When Joe Lobert first walked into his renovation project at 63 Radcliffe St., rats, bats and fleas had full run of the home.
Termites feasted on the old pine walls, floors and siding of the two-story Charleston single. The floor was falling in, crumbling from two centuries of use and neglect, and much of the wood was rotting.
The home leaned heavily to one side, embodying the “Charleston slant” often found in old homes on the peninsula. Parts of the interior walls were charred from a fire.
The 1840s-era home showed the structure’s age through its scars, secrets and demands for renovators.
“It was very dilapidated and had been neglected. It was probably the second-worst house I have ever worked on,” said Lobert, who has been renovating homes on the peninsula for 15 years. “It would be easier to knock it down, but from a preservation perspective, that’s not the way to go.”
Lobert, a principal at Luxury Simplified Construction, is overseeing the preservation and renovation of the Radcliffe Street house. Luxury Simplified is a Charleston-based development firm that has bought, built or renovated around 200 homes on the peninsula since launching four years ago.
Work began in February on the three-bedroom, two-bathroom house, which the owners bought for $172,000 in March 2016, according to Charleston County property records. They are now spending about $300,000 to overhaul and renovate the 1,600-square-foot downtown Charleston home, or about $188 per square foot.
‘Not a cookie-cutter home’
Workers work to restore the exterior to its original look, using as much of the same materials from centuries ago as possible. Each piece of wood siding will be removed, numbered, treated for termites, sanded, painted and replaced in the same order.
Lobert said about 80% of the wood will go back on the house; some pieces are too rotten from termite infestations to be salvaged.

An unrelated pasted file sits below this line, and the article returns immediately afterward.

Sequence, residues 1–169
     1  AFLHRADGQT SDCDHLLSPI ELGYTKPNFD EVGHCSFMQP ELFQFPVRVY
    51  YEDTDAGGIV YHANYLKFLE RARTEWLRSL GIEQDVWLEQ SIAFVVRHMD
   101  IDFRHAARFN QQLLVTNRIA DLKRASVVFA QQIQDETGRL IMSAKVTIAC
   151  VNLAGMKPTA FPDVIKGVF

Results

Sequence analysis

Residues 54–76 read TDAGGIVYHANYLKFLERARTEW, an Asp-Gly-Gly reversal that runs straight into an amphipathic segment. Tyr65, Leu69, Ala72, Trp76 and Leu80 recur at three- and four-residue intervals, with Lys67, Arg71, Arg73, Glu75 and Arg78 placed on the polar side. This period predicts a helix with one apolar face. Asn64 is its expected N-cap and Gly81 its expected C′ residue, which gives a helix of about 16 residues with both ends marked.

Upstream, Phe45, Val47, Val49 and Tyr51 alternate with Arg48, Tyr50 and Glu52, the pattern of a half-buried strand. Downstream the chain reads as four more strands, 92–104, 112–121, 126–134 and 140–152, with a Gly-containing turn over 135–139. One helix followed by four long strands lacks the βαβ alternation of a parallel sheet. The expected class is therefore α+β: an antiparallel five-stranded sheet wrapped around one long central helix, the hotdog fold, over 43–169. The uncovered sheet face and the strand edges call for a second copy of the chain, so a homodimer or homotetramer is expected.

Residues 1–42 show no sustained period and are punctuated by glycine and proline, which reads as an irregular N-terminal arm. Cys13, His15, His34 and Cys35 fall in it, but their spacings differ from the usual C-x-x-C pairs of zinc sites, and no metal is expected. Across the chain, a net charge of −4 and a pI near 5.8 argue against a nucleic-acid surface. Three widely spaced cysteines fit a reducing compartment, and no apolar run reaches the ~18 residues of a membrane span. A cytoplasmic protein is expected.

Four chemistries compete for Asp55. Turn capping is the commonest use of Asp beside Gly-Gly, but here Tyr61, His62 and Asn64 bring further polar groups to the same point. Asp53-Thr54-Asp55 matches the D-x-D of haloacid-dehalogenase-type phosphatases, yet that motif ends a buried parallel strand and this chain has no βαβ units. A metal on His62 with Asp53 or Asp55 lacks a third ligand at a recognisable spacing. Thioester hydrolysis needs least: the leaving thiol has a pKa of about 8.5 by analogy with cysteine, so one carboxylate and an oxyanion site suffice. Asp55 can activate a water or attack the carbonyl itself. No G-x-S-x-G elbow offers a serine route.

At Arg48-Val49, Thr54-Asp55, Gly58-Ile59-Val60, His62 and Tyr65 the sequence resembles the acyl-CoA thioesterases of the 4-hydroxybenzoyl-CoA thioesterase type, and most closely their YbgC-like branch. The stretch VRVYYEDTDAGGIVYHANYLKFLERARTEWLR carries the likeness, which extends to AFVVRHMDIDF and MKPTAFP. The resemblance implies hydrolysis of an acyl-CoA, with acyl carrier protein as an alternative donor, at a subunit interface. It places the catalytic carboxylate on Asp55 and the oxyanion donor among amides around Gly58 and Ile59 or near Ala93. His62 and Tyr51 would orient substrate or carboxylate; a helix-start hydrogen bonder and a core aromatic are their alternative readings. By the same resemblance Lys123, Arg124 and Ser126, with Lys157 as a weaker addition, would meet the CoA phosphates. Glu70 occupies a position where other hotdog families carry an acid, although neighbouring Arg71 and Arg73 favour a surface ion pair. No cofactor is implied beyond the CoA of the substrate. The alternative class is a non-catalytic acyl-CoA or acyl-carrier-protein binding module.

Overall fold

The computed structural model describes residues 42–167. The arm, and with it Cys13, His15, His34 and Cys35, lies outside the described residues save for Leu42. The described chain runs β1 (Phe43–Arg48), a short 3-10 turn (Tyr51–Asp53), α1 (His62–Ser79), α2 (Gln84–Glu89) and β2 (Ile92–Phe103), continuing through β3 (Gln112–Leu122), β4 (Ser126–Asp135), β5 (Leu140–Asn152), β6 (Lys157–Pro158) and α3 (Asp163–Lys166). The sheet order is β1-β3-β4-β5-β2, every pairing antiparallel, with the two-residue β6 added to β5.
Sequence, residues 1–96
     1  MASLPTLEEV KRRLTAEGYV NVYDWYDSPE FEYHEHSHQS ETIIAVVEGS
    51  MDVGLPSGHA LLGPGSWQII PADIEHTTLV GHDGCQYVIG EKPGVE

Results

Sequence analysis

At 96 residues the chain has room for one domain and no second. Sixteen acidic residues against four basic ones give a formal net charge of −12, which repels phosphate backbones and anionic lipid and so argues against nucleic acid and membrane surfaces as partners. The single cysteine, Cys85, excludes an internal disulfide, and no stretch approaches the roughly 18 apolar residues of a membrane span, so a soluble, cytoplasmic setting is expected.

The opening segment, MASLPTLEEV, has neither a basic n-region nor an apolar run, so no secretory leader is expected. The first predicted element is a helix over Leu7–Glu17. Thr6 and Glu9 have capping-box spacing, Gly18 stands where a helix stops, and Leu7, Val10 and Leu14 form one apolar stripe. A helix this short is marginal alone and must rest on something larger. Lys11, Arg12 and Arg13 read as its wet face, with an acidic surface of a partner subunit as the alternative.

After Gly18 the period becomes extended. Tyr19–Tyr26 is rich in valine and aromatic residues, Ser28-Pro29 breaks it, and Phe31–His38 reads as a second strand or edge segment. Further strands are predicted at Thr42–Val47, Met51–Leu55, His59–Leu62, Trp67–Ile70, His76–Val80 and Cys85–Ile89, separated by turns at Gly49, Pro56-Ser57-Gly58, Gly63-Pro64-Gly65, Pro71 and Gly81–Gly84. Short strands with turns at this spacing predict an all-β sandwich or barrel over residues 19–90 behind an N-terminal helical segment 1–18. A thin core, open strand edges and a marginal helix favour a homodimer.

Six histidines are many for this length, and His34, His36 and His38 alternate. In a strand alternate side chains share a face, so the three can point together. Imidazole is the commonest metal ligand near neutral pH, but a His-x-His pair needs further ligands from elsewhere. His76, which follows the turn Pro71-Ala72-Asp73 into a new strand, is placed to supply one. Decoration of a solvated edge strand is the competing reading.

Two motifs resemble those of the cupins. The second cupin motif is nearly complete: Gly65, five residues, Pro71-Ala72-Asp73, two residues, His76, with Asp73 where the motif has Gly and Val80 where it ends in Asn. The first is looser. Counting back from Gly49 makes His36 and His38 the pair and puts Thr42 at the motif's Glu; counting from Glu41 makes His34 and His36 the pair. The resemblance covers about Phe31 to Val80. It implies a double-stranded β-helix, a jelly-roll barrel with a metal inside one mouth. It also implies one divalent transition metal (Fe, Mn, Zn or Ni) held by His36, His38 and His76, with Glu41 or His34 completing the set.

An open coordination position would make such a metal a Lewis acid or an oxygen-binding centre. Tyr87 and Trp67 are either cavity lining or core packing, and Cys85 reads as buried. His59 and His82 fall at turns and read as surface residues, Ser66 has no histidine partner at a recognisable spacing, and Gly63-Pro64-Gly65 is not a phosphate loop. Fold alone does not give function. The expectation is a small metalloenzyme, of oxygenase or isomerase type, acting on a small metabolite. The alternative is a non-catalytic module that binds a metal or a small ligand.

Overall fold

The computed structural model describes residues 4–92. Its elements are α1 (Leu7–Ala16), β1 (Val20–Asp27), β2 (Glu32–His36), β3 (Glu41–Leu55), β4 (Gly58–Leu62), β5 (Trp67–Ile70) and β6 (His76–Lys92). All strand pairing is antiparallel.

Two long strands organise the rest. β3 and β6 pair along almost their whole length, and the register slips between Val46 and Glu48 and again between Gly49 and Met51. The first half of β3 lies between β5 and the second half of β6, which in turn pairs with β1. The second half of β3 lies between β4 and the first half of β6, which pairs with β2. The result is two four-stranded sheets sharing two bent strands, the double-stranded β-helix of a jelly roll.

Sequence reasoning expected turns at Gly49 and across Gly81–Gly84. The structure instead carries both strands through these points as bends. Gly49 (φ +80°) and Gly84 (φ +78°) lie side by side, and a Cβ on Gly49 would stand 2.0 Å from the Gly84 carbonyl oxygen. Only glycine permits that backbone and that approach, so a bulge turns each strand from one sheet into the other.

“You don’t ever know what you’re going to get into,” Lobert said. “It’s not a cookie-cutter home where you just kind of scrap the land and put a house up.”
The exterior of the home will be restored and preserved; the inside will be fully renovated.
The interior has been gutted except for the original wood beams that frame the home. New beams have been added next to the older wood — a process known as “sistering” — to help stabilize the house. The now-open footprint allows for a new layout.
“Everything inside was a complete demo,” Lobert said. “The fun thing for us is we’re building a house within a house now.”
The punch list remains long for the home: Windows and drywall need to be placed, electrical and mechanical work must be performed, and the outside renovation work needs to be completed. Inside, the home awaits walls, floors, doorways and finishes, all of which will be selected by the homeowners. It should be ready for move-in later this summer.
Lobert said older homes often yield surprises. Sometimes, historical artifacts turn up, such as glass bottles or medicine holders from the 1800s. Other times, the unknowns are costly discoveries that drive up construction costs.
“The actual construction work is pretty easy, we’ve done so much of it. It’s the unknowns you come across working with a historical home that can be difficult,” Lobert said. “If we say it’s $10,000 to frame a house, and then we get in and see that it has been totally destroyed by termites, we then have to go back to the homeowners and say it’s worse than we thought. ... It’s all about managing the expectations for a historic home.”
Those unknowns and strict requirements from the city’s Board of Architectural Review keep the work interesting, Lobert said, such as finding ways to use centuries-old materials on a modern-day renovation.
“The worst part is the unknowns, but that’s also the best part about it too,” Lobert said. “It’s all problem-solving and trying to figure it out. You put the puzzle of an old house back together, and at the end, you’ve got this beautiful product.”